The Politics of Revenge: Fascism and the Military in Twentieth-Century Spain

By Paul Preston | Go to book overview

5

Populism and parasitism: the Falange and the Spanish establishment, 1939-75

Threatened by the reforms of the Second Republic, the Spanish right's instinctive response was obstinate and violent. However, given the initial failure of attempts to destabilize the Republic by violence, sponsored by the patrician right, less rigidly traditional elements confronted the possibility of mobilizing popular support in defence of rightist interests. Alongside the traditional groups of monarchists, Alfonsines and Carlists, there emerged the populist Catholic authoritarian party, the CEDA, and the much smaller and overtly fascist Falange Espanola. 1 All of these organizations threw in their lot with the army officers who organized the uprising of July 1936. The Falange started out as the weakest of them but the circumstances of the war and the external influence of the Axis powers pushed it to prominence. The mass support of the CEDA and its youth movement, the Juventud de Acción Popular, had already started to flood into the Falange in the spring of 1936. It was further swelled by wartime recruits. For three decades thereafter, even as its own ideological edge was dulled, it was still playing a central role in the regime. Indeed, it was the dictatorship's identity tag in the outside world. That was hardly surprising since it was the agency which organized mass mobilizations and controlled labour relations and was also the source of the regime's lexicon, iconography and ideological paraphernalia.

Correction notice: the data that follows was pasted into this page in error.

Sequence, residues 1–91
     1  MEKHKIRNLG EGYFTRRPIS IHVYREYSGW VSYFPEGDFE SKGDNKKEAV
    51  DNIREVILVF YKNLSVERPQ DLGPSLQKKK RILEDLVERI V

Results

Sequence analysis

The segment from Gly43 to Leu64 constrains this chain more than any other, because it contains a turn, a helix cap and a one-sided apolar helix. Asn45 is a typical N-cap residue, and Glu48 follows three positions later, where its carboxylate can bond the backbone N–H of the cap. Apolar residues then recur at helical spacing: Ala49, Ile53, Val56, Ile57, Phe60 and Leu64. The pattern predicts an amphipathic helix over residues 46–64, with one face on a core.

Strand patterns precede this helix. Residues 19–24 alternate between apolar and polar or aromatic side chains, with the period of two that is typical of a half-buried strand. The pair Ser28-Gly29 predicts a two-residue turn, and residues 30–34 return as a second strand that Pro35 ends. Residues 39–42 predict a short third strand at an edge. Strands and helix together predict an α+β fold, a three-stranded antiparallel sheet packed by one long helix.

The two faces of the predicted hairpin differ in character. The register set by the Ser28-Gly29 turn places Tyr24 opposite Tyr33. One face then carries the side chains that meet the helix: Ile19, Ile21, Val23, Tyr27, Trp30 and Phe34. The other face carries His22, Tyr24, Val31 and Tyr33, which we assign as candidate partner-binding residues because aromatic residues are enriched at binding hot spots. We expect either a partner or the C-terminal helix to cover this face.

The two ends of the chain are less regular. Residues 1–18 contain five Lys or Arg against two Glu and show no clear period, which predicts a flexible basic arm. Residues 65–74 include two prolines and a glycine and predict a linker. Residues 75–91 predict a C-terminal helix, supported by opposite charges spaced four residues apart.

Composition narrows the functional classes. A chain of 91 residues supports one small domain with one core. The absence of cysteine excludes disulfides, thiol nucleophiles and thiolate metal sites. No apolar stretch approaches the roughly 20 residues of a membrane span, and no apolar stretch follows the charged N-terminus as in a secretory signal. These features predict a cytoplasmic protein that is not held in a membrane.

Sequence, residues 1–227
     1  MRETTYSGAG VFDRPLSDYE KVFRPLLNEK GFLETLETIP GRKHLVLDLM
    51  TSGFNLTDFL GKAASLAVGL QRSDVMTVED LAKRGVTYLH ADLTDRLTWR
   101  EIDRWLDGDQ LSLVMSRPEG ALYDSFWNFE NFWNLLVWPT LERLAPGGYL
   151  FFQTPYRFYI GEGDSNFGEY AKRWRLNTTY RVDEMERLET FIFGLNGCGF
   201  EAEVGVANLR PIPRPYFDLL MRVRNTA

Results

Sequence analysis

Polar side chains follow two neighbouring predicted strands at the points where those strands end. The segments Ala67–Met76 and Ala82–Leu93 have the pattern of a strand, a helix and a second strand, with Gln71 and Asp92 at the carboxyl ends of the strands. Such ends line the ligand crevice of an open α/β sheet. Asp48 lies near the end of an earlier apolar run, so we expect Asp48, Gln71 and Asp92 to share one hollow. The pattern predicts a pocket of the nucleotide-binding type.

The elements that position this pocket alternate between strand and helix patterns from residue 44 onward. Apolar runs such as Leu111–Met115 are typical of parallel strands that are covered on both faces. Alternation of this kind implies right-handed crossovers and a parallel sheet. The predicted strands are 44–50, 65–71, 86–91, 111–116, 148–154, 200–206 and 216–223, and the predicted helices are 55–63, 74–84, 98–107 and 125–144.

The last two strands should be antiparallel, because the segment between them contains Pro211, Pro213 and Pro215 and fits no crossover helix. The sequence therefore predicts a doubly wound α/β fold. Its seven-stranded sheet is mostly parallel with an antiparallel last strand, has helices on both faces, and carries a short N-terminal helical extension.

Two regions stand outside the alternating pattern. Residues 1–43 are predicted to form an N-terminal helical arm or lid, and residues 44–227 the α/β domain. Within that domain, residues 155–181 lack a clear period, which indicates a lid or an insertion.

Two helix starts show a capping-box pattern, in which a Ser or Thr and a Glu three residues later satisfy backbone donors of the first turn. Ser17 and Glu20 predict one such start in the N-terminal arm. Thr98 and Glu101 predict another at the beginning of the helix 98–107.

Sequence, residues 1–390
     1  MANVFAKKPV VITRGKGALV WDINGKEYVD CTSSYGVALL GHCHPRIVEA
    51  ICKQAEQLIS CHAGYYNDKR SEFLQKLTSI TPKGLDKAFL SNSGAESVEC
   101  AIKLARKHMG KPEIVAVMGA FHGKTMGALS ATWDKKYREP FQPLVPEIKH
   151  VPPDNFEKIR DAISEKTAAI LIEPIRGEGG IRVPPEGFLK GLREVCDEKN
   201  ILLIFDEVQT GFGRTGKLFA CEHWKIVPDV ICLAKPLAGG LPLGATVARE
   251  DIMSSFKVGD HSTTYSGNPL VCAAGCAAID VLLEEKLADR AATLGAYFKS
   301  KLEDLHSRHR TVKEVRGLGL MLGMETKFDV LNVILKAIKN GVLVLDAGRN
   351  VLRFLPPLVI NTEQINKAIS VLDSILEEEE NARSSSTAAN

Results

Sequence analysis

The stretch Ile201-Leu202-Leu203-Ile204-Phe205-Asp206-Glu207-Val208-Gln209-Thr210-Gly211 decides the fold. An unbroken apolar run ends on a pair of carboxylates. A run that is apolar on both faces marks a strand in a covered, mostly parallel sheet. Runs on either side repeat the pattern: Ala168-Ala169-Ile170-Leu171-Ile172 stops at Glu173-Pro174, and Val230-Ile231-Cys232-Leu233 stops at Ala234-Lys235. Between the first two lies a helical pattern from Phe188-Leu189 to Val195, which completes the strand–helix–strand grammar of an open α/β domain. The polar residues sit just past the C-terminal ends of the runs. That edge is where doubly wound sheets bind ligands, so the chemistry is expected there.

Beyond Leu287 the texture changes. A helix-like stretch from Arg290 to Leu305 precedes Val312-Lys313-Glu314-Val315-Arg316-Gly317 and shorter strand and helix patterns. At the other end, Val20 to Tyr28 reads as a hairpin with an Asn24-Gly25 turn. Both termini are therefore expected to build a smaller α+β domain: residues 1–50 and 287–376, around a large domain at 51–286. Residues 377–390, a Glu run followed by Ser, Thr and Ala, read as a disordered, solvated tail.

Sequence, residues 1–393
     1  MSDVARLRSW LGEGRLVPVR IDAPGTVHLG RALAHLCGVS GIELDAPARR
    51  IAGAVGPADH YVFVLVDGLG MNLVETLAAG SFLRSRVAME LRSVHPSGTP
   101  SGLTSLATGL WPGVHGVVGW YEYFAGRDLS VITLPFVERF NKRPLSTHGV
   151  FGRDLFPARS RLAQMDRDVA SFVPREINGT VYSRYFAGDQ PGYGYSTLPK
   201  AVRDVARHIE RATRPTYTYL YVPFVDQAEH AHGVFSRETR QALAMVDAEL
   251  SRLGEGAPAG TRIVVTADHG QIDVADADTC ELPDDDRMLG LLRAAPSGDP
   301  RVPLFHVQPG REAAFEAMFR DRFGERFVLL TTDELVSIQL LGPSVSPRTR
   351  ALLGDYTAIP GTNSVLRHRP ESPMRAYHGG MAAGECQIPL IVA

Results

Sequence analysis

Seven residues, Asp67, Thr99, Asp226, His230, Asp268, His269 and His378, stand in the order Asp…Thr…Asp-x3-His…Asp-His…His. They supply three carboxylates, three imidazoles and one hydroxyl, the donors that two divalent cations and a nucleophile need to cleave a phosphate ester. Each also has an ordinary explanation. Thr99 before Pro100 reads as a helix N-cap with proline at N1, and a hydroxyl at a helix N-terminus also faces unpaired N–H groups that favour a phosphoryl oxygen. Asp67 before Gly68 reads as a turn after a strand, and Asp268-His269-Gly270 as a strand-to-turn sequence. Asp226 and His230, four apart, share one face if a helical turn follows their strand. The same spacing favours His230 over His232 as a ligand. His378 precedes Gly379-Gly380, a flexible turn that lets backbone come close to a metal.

The relationship of Falange Espanola to the other components of the Francoist coalition was complex and constantly shifting. Both the aristocratic and the upper-middle-class right saw the primordial task as the destruction of what they perceived as the threat of disorder, anti-clericalism and communism. Ties of family and class made it natural for them to turn

1 Paul Preston, Las derehas espanolas en el siglo XX autoritarismo, fascismo y golpismo (Madrid, 1986); Martin Blinkhorn, Carlism and Crisis (Cambridge, 1975); Ricardo de La Cierva, La derecha sin remedio (Barcelona, 1986); Paul Preston, The Coming of the Spanish Civil War (London, 1978).

-111-

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